I have always believed in the primacy of discourse over argument. Discourse is often defined as “communication of thought by words; talk; conversation” while an argument is “an oral disagreement; verbal opposition; contention; altercation.”
In times of passion we are all susceptible to letting wild gesticulation and screaming beat the crap out of respectful and rational discussion. Of late, our public world has begun to resemble less a pleasant and respectful chat about our differences over a nice cup of coffee and more a bad weekend at Michael Vick’s house.
In fact recently New York’s disconcertingly roguish Republican candidate for Governor, Carl Paladino, publically threatened that he would “take…out” the New York Post’s Fredric Dicker. Was it justified? Perhaps. But guess what? No one remembers the reason (Dicker allegedly harassed Paladino’s 10 year old daughter) they just remember the actions (angry old man threatening to rubout another angry old man).
Anger is something that seems so damned right at the moment but it seldom gets the substance of your point across (unless your point is being a bully or a jackass). Right now I’m guessing some of you might be foaming at the mouth and screaming “what’s your point Mr. High Brow?” Before you punch me in the face for using words like “primacy” and “gesticulation” here’s my point: If you want to learn how to effectively engage people whether it be in the workplace or in your life you are just going to have to check your inner-Paladino at the door.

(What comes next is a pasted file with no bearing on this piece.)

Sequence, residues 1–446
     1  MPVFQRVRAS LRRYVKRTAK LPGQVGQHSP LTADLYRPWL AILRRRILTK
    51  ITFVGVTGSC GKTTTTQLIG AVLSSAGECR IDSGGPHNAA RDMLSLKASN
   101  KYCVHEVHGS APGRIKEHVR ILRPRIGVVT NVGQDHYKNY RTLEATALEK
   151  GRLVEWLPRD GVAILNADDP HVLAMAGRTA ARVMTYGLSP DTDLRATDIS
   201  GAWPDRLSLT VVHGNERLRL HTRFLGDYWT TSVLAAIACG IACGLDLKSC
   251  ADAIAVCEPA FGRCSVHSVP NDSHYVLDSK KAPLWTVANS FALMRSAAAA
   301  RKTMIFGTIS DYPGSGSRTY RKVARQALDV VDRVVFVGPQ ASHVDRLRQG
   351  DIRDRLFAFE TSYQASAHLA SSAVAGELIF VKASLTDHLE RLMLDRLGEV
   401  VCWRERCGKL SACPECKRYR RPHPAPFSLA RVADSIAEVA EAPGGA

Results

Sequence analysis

The traditional and stereotypical boss from movies and TV is a hardnosed, take-no-prisoners, win-at all-costs, unfair, anger machine. In reality, leading isn’t about yelling–it’s about communicating with your subordinates so everyone can get things done. Do you sometimes have to turn up the heat and let those you lead know they are disappointing you? Sure. But in the end, you will get nothing done (i.e. fail) unless you rely heavily on discourse over argument.
Employee engagement centers on using thoughtful and empathetic skills to not only engage those you lead but to enhance them as well. It’s kind of hard to enhance someone’s skills by threatening to “take them out.” Sure, your anger will no doubt get their attention, but odds are their actual abilities won’t improve one iota.
No one is telling you to start acting like Mr. Rogers. Yes, it would be nice if every boss would slip on a cardigan and boat shoes right before telling you that the 3rd Quarter sales reports are a mess, but that’s not what I am talking about here. You can be tough, you can be stern but in this day and age you need to learn how to engage and enhance those around you to have any real shot at success.